Editor’s Note: This was originally published for FANGORIA on March 24, 2016, and we’re proud to share it as part of The Gingold Files.

The fictitious video game that gives Stay Alive its title looks like it would be a fun one to play, combining the creepy atmosphere of Silent Hill with the blow-away-ghouls action of Resident Evil. I haven’t yet seen the cinematic incarnation of Silent Hill and thus don’t know how Stay Alive compares (though based on the Silent trailer that played before Alive when I caught it, the films have at least one scene in common), but the new movie is comparable to the first Evil feature in that it captures some of the jumpy allure of a horror game, but doesn’t have a compelling or consistent enough story to succeed as a feature-film experience.

The film opens promisingly, setting up the premise already established in the ads: If your Stay Alive cyber-alter ego suffers a horrible fate, you die in real life, in the same manner. The first victim is Loomis, played by Cursed’s Milo Ventimiglia in the Drew Barrymore role, who gets his shortly after beta-testing the Stay Alive game in his New Orleans home (the city’s antediluvian atmosphere provides effective counterpoint to the techno-spawned mayhem). His computer-happy pals, led by Hutch MacNeil (Jon Foster), decide to pay tribute to their fallen friend by indulging in some multiplayer action, along with Hutch’s closet-gamer boss (Adam Goldberg, well-cast in a funny extended cameo). Needless to say, what they wind up playing is Loomis’ copy of Stay Alive, in which participants explore and battle their way through the Southern plantation of notorious real-life Countess Elizabeth Bathory, who murdered hundreds of girls and bathed in their blood in an attempt to stay youthful and beautiful.

Cue the shedding of more young blood, though the Countess never does get around to bathing in it. Indeed, while much is made of the game’s connection to Bathory’s true story, as related by Goth chick October (Sophia Bush), any true scholar of the Blood Countess will know that she did all her dirty work in Europe, not the Big Easy. For that matter, given all the fearsome buildup, the grisly punchlines feel muted, no doubt in the service of attaining a PG-13 rating. Something tells me that if a horse-drawn carriage, even a ghostly one, were to run down a young man with enough force to kill him, he’d wind up with more than a large red smear across his face.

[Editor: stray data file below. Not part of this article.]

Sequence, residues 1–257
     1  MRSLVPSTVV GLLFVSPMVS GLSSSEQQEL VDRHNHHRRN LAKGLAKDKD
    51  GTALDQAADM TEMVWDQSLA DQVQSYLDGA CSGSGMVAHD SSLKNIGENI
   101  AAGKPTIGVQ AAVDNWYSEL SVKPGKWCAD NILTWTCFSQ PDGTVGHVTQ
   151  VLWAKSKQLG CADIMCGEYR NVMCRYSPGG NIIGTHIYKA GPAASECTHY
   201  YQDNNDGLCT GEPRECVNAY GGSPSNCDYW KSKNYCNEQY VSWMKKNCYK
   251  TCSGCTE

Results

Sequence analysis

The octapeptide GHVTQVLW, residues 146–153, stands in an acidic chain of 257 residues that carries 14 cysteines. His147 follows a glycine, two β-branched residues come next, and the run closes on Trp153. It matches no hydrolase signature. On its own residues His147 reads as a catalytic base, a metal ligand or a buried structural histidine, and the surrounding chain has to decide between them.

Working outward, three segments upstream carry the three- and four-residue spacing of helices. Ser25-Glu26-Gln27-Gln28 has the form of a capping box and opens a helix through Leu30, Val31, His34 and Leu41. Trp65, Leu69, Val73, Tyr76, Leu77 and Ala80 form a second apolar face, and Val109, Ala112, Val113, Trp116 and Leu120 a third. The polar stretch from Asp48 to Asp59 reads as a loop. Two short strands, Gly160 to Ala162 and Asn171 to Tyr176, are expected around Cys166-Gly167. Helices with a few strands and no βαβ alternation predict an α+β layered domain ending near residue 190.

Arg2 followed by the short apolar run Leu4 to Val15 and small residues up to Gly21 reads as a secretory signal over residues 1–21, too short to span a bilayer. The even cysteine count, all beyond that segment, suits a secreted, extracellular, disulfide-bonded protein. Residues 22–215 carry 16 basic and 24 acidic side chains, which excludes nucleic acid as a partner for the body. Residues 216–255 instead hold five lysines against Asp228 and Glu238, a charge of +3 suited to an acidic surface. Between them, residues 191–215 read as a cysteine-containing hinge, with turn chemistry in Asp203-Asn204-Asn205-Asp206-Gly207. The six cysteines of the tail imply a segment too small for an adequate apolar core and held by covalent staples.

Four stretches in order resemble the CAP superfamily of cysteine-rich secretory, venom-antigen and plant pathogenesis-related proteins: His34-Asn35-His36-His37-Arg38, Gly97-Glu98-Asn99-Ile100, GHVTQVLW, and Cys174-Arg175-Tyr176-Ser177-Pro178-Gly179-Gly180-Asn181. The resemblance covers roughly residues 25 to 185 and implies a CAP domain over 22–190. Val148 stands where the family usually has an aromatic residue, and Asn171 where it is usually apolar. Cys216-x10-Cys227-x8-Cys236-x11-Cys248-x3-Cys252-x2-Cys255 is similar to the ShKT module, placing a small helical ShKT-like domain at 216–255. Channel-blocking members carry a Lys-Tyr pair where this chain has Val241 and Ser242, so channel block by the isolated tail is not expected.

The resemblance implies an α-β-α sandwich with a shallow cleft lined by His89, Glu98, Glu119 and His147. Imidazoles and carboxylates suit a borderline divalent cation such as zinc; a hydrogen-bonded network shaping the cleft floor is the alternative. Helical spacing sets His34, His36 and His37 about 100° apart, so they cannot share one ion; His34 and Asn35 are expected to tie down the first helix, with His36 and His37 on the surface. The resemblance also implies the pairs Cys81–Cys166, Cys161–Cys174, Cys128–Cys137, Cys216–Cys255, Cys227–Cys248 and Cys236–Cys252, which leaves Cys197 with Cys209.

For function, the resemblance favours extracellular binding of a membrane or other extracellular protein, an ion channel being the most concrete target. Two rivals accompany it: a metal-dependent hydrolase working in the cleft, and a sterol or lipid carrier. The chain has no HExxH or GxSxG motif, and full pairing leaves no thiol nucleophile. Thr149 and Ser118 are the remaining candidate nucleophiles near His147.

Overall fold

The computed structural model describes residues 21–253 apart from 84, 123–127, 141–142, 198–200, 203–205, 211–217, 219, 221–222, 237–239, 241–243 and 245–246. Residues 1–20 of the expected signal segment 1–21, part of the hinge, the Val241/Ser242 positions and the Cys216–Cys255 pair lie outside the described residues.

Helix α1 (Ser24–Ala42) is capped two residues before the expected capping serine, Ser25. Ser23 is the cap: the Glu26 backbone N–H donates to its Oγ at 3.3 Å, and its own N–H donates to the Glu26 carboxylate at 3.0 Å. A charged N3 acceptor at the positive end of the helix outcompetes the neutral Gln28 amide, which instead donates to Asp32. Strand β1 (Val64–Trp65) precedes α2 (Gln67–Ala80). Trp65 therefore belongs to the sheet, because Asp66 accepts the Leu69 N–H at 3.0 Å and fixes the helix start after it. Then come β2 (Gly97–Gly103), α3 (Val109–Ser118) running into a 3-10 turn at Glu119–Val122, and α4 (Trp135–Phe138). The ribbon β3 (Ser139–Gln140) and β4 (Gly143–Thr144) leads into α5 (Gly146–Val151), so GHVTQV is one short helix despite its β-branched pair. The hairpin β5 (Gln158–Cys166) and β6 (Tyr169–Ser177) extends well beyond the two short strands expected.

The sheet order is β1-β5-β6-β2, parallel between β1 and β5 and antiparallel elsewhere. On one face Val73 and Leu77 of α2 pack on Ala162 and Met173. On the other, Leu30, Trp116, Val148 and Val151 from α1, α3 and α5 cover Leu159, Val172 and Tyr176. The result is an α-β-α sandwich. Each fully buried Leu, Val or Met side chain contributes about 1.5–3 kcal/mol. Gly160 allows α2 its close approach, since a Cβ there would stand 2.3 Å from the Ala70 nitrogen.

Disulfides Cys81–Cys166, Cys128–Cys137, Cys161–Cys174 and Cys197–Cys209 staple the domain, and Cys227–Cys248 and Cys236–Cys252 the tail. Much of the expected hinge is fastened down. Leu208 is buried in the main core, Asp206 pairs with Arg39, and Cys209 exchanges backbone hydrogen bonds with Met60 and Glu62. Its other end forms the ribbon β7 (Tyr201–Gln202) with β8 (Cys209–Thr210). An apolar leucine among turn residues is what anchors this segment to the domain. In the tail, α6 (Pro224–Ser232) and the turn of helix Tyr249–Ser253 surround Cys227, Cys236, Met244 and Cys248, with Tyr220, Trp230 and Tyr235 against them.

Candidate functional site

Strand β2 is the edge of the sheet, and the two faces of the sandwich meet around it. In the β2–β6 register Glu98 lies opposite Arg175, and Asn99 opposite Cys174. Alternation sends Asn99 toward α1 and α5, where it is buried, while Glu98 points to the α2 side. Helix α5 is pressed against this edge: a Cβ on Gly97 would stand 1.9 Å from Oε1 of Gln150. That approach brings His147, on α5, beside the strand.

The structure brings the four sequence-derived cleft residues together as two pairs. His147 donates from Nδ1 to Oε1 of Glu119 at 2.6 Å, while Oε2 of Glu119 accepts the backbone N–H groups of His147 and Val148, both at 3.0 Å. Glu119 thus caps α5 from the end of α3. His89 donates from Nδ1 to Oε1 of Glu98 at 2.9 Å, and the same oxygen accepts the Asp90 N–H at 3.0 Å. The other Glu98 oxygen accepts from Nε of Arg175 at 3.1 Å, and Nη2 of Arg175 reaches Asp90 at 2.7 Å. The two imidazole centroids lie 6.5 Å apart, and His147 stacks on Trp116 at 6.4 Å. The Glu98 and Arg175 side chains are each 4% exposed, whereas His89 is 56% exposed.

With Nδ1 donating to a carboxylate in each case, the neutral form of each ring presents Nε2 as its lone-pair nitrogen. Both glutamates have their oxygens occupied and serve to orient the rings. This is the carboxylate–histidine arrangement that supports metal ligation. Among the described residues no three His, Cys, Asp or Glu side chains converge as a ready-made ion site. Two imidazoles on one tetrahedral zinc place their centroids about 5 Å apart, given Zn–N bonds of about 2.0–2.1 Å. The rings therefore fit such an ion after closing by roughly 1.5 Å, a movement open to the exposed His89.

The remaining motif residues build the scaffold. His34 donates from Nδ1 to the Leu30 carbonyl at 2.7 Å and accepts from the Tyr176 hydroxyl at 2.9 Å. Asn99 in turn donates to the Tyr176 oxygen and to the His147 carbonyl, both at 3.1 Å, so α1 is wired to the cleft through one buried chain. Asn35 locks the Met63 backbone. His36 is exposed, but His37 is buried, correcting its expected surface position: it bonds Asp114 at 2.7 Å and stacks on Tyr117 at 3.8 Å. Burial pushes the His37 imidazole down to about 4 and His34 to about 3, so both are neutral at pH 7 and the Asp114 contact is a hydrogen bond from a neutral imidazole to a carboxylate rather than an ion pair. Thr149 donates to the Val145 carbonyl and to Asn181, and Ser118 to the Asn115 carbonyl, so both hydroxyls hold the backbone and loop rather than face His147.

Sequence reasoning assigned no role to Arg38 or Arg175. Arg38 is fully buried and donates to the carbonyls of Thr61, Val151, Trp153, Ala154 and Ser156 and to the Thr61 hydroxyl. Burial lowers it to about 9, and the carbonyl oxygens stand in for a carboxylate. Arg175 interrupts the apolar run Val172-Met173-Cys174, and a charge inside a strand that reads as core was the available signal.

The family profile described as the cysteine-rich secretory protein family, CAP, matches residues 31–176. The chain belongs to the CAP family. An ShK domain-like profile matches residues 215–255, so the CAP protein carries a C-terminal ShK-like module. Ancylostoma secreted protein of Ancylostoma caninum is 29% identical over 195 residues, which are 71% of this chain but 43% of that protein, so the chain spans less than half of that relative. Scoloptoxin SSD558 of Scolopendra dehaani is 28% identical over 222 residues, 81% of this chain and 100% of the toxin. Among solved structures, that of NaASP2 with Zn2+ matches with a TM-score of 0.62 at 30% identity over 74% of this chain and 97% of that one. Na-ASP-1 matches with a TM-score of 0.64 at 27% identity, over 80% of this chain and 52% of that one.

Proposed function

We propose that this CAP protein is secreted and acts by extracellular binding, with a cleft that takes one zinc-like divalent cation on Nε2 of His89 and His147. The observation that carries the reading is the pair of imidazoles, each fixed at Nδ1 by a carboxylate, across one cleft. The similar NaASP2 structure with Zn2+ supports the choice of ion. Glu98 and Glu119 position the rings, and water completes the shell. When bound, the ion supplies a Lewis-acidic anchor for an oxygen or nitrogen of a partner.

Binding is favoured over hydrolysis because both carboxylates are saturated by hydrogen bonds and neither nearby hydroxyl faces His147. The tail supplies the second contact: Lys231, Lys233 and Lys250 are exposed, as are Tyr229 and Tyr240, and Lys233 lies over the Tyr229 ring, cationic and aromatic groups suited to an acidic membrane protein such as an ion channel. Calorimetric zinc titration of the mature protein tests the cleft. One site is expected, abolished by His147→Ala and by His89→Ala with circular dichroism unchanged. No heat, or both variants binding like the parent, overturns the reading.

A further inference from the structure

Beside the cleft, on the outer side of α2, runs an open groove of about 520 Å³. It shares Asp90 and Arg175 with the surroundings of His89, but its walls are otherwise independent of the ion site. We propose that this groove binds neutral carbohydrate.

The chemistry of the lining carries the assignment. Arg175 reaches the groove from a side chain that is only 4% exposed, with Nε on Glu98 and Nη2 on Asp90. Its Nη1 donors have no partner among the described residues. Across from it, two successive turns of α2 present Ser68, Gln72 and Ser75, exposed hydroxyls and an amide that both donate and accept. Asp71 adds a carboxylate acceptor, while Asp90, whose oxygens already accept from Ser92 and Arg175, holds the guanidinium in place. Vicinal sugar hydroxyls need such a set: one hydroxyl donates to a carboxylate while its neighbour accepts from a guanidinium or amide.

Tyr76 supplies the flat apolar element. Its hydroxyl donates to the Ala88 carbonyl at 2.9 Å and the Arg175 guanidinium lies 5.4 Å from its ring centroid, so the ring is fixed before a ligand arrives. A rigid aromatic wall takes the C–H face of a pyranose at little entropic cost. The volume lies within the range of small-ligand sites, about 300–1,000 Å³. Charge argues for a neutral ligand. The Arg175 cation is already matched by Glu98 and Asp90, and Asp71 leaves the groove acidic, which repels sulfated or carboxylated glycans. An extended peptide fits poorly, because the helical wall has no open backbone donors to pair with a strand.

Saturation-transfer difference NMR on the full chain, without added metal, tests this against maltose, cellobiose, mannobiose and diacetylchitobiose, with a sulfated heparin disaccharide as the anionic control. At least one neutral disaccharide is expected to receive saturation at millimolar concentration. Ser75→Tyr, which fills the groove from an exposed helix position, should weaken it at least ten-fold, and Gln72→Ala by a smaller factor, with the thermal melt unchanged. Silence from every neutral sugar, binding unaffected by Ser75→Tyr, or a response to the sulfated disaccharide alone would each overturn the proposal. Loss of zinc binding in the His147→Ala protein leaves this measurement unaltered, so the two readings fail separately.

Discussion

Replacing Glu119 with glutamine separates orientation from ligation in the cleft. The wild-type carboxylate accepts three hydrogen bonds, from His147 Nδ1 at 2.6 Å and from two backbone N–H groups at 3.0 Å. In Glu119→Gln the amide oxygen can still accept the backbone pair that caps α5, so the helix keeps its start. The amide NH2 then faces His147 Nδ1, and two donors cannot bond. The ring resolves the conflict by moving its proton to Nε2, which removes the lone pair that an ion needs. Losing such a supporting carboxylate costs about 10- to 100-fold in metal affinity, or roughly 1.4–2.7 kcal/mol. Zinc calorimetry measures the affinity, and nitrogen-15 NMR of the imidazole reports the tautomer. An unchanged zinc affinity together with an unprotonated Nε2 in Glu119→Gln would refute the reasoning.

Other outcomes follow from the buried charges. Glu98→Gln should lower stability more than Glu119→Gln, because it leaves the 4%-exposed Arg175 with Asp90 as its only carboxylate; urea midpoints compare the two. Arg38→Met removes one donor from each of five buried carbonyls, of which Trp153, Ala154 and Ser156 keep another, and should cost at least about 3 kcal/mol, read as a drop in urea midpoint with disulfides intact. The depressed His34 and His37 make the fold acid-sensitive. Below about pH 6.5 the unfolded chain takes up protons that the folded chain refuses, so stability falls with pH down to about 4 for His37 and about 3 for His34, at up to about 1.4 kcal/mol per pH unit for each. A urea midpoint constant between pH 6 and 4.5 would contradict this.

Director William Brent Bell is more successful at raising the hackles with freaky imagery and grotesque or shadowy characters creeping in from odd corners of the screen. He and his co-scripter Matthew Peterman also do a decent job establishing the protagonists’ outsider milieu and behavior. As they become increasingly caught in Bathory’s web, though, they become the usual hapless victims-to-be, given to wandering off through spooky buildings they really shouldn’t, as well as fluctuating levels of comprehension or disbelief of the bizarre goings-on. Right after Hutch has tried to convince the others that the video game is causing real-life bloodshed, for example, he completely pooh-poohs October’s notion that the ancient Countess’ still-living spirit might be responsible.

Still, even after the movie has defeated any attempt to take it seriously, it’s when it has parked itself in schlock gear that it has some of the most fun with its premise. Once the group has arrived at Bathory’s plantation and foolishly separated, and heroine Abigail (Samaire Armstrong) has become trapped and terrorized in an upstairs bedroom, Hutch gets remote instructions on how to find her from tech nerd Swink (Frankie Muniz), who guides him by tracking through the mansion in the game realm. The sequence doesn’t make a lot of sense (how come Hutch can’t follow Abigail’s screams himself, and how does Swink know which room she’s stuck in?), but it has goofy energy, and got a real rise out of the teens in the audience. They also responded enthusiastically when Swink is subsequently attacked by the Countess even though he hasn’t been dispatched in the game, and protests, “Bitch, this isn’t fair! I’m not dead yet!” A line like that helps make up for others like October’s lament, “Somebody just ran down my brother in a horse-drawn carriage—I want to find out who it is, and hurt them.”

The climax is a letdown, though, as Hutch confronts both the Countess and echoes of a childhood trauma that’s only established so he can have a trauma to overcome at the climax (as if facing a supernatural villainess who’s slaughtered his friends isn’t enough), yet the action feels rushed and truncated. That’s a recurring problem in the movie, which runs only 78 minutes minus credits, and barrels over any number of plausibility issues in the interest of maintaining a faster pace. The impression is that either the filmmakers or (more likely) the studio felt that the only important issue with Stay Alive was that the audience stay awake.

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